Difficult to win fight against invasive mosquitoes – specialist

But having them here not synonymous with disease

Fears of mosquito-borne diseases powered by global warming have seen the World Health Organisation renew warnings about the need to control these insects. But the coordinator of the national network for vector surveillance (REVIVE) says this is much easier said than done.

Speaking to Lusa as the country is assailed by blistering temperatures, Maria João Alves admits: “It is likely that the war will not be won, because this mosquito (Aedes albopictus) is really invasive. What we want is to keep the number of specimens as low as possible so that there is no possibility of transmission of infectious agents”.

As she stressed, being bitten by a mosquito does not mean one contracts any of the diseases (dengue, zika, chikungunya) that this species carries.

The spread north from Africa of the Aedes albopictus is a European problem – not just one affecting the Iberian Peninsula.

Commonly known as the Asian tiger mosquito, this invasive species is among the 100 worst in the world, in as much as its spread appears relentless.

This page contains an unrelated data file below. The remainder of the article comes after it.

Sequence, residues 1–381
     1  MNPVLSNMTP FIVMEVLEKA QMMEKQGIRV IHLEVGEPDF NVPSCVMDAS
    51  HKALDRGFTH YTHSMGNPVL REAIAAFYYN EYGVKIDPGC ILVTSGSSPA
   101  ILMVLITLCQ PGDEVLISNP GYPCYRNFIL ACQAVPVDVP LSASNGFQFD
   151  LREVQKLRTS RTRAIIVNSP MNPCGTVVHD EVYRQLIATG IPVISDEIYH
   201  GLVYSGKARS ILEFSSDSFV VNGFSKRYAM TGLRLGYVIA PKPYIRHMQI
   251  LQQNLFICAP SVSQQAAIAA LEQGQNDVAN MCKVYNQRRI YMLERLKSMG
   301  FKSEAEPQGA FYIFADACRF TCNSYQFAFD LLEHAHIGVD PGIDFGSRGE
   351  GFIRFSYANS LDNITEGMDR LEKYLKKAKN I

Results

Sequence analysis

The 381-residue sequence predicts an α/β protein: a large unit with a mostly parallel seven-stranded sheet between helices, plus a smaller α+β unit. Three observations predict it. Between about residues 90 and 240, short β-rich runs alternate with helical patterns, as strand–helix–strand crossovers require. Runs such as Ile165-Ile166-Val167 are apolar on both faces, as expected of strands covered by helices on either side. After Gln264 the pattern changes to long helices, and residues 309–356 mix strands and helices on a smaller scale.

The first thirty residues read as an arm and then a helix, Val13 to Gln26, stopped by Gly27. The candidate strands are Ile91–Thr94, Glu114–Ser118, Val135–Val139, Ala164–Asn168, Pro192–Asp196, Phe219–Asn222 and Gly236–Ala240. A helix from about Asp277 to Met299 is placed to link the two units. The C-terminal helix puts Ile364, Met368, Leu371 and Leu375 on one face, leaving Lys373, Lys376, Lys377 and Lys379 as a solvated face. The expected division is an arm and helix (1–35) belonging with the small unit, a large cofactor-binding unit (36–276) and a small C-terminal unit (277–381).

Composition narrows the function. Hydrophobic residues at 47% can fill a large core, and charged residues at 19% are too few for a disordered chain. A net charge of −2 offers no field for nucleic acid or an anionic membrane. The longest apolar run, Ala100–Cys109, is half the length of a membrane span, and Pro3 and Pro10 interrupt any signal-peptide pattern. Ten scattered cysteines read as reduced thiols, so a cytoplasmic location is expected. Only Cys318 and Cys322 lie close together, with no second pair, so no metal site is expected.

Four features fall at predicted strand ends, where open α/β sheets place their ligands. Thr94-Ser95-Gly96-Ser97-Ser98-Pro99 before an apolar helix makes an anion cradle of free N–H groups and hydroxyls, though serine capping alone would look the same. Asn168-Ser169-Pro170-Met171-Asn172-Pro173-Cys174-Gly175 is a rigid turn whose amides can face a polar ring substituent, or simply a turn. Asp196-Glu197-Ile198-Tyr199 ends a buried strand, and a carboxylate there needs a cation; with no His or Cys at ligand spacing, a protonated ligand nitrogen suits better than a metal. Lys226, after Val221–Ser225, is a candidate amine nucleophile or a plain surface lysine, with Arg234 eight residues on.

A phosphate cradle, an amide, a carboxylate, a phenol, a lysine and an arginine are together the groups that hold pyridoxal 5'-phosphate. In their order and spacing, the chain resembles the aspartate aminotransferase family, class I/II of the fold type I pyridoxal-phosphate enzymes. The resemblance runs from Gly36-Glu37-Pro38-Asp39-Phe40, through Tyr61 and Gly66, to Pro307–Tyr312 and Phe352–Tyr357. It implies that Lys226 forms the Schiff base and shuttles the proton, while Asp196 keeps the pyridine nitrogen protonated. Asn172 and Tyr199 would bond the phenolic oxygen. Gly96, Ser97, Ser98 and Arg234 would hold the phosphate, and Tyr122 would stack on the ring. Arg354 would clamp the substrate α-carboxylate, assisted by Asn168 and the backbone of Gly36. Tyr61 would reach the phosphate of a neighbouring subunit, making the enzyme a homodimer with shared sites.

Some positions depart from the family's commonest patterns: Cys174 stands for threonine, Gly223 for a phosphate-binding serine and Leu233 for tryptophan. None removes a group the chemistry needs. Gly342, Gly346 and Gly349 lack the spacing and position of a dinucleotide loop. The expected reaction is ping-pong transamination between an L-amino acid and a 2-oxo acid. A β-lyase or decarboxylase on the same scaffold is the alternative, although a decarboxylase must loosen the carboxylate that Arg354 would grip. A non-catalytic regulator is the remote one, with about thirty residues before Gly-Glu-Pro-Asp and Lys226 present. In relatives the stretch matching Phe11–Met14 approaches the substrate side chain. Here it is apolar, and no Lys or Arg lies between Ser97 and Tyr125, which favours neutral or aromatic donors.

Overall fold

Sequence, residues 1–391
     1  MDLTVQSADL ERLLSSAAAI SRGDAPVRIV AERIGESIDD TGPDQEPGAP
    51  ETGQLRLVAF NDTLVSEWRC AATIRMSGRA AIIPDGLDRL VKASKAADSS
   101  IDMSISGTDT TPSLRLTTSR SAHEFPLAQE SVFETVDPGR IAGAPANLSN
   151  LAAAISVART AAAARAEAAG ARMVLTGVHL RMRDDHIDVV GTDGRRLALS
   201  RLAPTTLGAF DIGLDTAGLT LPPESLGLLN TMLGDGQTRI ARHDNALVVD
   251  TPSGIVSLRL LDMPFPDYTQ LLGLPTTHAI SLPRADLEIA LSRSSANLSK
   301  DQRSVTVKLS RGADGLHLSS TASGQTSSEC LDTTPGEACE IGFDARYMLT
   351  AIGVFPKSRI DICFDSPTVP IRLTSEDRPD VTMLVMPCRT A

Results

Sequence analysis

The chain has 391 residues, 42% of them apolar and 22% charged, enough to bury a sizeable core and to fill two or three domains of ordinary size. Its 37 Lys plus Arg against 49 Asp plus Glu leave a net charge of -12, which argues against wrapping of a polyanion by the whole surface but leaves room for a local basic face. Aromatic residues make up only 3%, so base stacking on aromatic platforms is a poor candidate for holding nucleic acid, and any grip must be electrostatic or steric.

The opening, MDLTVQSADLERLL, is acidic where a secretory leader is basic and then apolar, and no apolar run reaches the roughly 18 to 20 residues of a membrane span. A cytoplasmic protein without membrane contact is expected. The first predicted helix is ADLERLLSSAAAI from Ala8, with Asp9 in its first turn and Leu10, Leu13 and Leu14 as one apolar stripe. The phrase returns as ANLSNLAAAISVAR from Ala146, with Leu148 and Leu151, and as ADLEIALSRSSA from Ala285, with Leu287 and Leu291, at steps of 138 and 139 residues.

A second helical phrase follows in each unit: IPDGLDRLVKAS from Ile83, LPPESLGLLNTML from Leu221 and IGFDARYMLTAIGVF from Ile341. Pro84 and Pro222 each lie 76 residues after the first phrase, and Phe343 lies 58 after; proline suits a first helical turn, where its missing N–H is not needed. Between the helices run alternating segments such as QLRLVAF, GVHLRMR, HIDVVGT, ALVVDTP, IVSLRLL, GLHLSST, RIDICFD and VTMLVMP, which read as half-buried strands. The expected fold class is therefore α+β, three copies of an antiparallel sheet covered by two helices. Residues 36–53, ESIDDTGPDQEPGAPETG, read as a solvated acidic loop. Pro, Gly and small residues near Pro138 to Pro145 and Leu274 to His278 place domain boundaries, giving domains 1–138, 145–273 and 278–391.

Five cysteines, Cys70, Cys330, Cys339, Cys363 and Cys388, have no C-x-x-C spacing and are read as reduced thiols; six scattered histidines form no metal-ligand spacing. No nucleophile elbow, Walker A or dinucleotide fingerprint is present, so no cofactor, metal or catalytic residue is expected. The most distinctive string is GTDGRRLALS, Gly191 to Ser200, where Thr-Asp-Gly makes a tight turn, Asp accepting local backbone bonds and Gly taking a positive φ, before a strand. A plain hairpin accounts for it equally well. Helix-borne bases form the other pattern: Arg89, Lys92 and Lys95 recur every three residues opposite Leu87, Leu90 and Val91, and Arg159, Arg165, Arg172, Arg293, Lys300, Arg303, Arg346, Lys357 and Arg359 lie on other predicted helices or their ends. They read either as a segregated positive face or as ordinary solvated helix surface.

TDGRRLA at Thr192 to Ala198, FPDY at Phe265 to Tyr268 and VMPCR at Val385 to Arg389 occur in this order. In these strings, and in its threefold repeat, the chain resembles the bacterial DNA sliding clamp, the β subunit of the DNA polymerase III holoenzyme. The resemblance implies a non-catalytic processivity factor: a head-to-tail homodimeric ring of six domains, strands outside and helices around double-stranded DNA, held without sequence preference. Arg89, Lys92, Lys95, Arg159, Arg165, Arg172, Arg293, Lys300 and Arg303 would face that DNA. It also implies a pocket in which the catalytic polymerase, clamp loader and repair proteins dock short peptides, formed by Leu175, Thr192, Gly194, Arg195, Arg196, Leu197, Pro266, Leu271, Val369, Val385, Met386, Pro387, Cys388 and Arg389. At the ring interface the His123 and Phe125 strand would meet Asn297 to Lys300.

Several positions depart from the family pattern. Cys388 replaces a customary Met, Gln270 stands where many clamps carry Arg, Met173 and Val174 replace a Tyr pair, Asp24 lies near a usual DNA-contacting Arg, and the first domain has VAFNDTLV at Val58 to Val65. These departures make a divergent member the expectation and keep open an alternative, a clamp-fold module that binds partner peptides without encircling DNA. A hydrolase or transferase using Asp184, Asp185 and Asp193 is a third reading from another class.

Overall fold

A researcher at the department of infectious diseases of the national health instutute Dr Ricardo Jorge (INSA), Maria João Alves explains that “the whole of Europe is fertile ground” given the “ideal conditions” for the mosquito to hatch.

“For now, we are still in a very early stage of occupation”, she explains.

Having this mosquito among us is not synonymous with disease – and to date there has been no specimen of the species collected on the mainland that was contaminated.

For this to happen, “infected people have to come from areas with dengue, for example, then, during the period in which they have the virus circulating in their blood (five days), they come into contact with other mosquitoes and it is these that transmit it to people”.

“If we continue to act as we have been acting we will reduce the probability of autochthonous transmission to a minimum“, she says. No one can say there is zero risk, but there is no reason for any kind of panic.

On this score, Maria João Alves gives the example of France, where the Asian tiger mosquito was first detected in 1999, but the first autochthonous cases of dengue only happened in 2010. 

In Europe there have already been 144 cases of autochthonous dengue fever, 65 were in France last year.

“It takes a few years and it is in those years that we should act, in which we should reduce the population of mosquitoes, inform the public,” she explains.

To this end there is constant monitoring, and research.

When ‘Aedes albopictus’ appeared in Mértola (eggs only) last year, “the Alentejo already had, in a collaboration with municipal councils, traps in place for a long time, waiting to detect the first introduction”, she said.

In total, more than 300 environmental health technicians are involved in REVIVE’s collections.

Source material: LUSA